We look at five key talking points from day one of the Women's Rugby World Cup.
USA...the dark horse?
The United States game against Italy has been slightly overshadowed by other games, but it should not be.
Played at 100mph for much of the 80 minutes, it was a remarkable match with the much more experienced Italians trrying to hold on to the tail of a tiger. The USA had a very poor record coming into this, but that was all thanks to their trying out a whole raft of new players – in essence we had not seen the real USA team since 2014.
And they were a revelation, even if at times their own worst enemy.
The number of handling errors (caused, it appeared, by enthusiasm and over-ambition) were far too high and without them they would have doubled their score.
If they can settle down, and maybe after this game they will, this is a team that could cause serious damage. Runners-up spot in the pool now seems nailed on, and if they had been drawn with anyone other than England you feel they might have been looking to go even further.
Like Australia the fear is that this team will be another mayfly of women’s rugby – seen for such a short period and then lost to what might have been.
Canada... outstanding despite their separate 7s programme?
Canada were never going to have any issues in beating Hong Kong, but the manner of the win was a sharp reminder that Canada are proper title contenders once again.
Much has changed in Canada since they reached the World Cup final in 2014, most notably the total separation of their 7s and 15s squads and programmes and on early evidence the risk Rugby Canada has taken inseparating their two successful systems is paying off.
They are the only top nation to have taken such an approach.
New Zealand and Australia allow their players to crossover for major test games without losing contracts, while England take a cyclical approach and ask their players to switch back and forth and focus on one at a time.
As a result, Canada have worked hard to build the experience of their core players over the last three seasons, while Francois Ratier has cast the net wide to unearth new talent.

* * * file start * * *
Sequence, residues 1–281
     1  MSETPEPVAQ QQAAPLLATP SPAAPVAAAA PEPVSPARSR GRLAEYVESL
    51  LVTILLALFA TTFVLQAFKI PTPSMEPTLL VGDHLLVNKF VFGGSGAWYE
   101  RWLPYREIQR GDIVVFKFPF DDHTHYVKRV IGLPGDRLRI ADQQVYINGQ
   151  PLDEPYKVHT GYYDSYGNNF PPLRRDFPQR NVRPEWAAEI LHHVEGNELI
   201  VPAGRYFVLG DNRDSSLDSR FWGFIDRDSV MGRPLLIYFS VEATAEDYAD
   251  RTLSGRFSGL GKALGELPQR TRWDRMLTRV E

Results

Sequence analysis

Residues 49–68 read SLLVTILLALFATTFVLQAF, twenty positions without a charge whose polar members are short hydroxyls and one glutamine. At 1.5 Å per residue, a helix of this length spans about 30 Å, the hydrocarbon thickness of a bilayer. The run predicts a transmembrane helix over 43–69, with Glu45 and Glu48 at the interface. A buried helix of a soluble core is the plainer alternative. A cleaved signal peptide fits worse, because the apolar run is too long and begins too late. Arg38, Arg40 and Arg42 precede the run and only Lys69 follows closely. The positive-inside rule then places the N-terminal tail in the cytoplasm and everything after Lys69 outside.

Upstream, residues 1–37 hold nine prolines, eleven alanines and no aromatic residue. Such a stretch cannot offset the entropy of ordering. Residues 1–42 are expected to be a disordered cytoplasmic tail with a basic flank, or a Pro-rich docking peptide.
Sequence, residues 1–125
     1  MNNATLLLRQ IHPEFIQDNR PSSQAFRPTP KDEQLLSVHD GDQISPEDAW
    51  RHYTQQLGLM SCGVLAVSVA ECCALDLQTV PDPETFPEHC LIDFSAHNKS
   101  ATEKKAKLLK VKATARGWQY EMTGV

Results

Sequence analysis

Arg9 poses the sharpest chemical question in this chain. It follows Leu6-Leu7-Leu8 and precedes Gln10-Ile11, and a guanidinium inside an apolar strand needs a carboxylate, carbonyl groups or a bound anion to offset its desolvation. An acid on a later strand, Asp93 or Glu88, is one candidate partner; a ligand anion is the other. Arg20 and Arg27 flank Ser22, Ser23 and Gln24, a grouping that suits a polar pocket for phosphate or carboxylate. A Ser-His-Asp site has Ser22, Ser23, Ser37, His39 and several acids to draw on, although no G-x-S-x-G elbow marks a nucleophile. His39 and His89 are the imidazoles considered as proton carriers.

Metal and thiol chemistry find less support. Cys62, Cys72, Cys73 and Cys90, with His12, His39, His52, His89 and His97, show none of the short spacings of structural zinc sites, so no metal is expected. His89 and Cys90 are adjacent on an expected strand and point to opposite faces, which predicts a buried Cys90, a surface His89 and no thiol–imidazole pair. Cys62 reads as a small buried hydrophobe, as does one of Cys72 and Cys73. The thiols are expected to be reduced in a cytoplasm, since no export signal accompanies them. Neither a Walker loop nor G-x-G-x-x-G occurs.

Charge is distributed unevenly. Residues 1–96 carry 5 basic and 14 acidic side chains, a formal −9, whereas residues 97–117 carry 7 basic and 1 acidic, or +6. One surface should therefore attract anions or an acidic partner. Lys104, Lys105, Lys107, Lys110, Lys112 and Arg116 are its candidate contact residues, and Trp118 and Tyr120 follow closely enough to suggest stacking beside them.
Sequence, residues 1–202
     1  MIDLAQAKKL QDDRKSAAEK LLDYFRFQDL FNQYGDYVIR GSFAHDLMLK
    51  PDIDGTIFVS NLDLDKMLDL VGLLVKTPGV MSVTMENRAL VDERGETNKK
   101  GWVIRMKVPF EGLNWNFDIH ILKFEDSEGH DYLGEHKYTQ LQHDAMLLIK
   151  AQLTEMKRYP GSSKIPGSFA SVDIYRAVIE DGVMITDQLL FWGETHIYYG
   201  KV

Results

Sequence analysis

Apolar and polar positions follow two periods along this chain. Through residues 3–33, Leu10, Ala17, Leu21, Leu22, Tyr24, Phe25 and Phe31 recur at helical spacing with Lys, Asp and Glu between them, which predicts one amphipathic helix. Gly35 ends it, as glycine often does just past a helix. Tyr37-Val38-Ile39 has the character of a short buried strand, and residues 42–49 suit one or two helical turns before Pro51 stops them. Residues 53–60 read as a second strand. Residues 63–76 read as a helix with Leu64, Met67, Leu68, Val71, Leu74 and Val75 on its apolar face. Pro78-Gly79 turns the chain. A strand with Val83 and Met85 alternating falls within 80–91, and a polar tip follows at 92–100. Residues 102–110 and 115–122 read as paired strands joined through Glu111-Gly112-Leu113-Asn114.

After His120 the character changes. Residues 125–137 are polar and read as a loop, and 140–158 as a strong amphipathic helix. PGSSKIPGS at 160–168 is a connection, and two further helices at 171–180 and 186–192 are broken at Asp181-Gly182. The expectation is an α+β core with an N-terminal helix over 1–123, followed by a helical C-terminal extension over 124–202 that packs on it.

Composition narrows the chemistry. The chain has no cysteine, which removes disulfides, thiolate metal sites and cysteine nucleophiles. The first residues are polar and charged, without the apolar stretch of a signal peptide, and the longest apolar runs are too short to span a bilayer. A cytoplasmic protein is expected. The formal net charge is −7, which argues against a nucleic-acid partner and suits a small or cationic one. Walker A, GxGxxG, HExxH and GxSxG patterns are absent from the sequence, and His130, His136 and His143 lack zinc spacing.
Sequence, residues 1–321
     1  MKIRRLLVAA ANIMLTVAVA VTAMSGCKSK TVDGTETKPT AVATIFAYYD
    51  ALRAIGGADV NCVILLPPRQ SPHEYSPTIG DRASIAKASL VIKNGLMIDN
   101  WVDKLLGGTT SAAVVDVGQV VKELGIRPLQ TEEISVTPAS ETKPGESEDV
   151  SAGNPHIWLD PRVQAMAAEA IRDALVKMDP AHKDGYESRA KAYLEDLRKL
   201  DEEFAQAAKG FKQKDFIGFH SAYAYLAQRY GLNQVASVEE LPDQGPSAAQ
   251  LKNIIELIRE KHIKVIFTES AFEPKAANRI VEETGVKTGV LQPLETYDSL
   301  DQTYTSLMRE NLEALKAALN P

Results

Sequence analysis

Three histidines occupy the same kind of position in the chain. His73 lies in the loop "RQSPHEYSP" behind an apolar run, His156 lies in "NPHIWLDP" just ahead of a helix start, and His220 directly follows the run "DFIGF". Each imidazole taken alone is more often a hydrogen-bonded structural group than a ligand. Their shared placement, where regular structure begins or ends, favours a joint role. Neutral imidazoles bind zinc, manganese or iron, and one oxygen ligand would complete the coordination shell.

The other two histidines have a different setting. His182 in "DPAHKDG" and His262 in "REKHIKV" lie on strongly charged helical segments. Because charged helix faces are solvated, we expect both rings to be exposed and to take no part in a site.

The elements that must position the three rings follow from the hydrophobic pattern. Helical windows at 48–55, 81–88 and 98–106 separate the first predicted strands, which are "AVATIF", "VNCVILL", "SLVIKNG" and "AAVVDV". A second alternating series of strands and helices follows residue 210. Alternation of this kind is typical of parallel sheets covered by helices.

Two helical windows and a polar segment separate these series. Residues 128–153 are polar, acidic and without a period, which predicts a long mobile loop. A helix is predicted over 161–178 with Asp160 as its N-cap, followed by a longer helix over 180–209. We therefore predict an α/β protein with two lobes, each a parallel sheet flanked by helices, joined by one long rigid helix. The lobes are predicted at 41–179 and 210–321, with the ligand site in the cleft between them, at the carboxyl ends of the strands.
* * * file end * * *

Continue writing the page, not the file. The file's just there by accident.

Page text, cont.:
He might well have liked access to more players who are off limits, such as the brilliant Ghislaine Landry, but on current evidence, Canada's approach seems to be working just fine.
Asian struggles – and consequences
That Hong Kong would struggle was always assumed, but that Japan would be so blown away was a bit of a surprise. All the signs for the latter were good – huge wins in Asia, and more importantly good performances in a recent tour of Europe.
The loss of the influential Bogidraumainadave early in the second half certainly did not help Japan, and with her still on the field the score against them might have been 20 or so points less, but even so this does illustrate a problem of a lack of depth.
It is unfortunate, but we do seem to have the same problem with this tournament as we have had with previous events, in that Asia’s often unbeaten qualifiers are so far behind the rest of the world and – on this evidence – getting further behind. But when they play in isolation for everything but two weeks every four years, what chance do they have to improve?
Japan and Hong Kong’s performances – unless there is a dramatic improvement in later games – also would seem to kill off any prospect of expanding the World Cup to more than 12 teams as World Rugby have already said they will not consider it until the gaps start to close.
While it is great to have Hong Kong and Japan having a go and playing against teams at the highest level, scores like 98-0, 72-14 and whatever New Zealand will do to Hong Kong on Sunday (which hardly bears thinking about) do not help anyone.
Australia - just how good could they be with more investment and games?
At almost every World Cup, Australia have confounded expectations, given the lack of investment and game time their top players get between tournaments.
The three years since 2014 have been considered to have been an improvement and despite that they only played five test games (albeit against the top three sides in the world). The increasing focus and success of the Australian 7s team has arguably put the Wallaroos test programme into further doubt - though the ARU have been investing in the structures beneath its national team.
With just three players crossing over from their 7s programme, you wondered again this time if Australia could continue to compete with the sides so far ahead of them in resources. That they can consider themselves hugely unlucky to lose to the host nation, who were close to being European (Six Nations) champions just last year. is a reminder of just how wily and resilient their rugby players are and a sad reminder that they could be a world beating powerhouse test team if only given the chance.
England's time together is telling
Much has been made of England's professional status. Where you expect them to be better than everyone else is in their strength and conditioning and we'll find out in the later stages of the competition just how much extra they can offer there.
But it was in their passing game that their time together most showed for me. Katy Mclean has added so much to her game since her involvement in 7s, and her passing game was sublime yesterday as you would expect. But all around her, players like Rachael Burford Amber Reed, Emily Scarratt, Alex Matthews, Harriet Millar-Mills showcased their excellent passing skills.
When you watched Ireland later butcher numerous try scoring chances through poor passing you can see how in the games where the margins will be fine, England's skills work over the past year will be such a huge asset.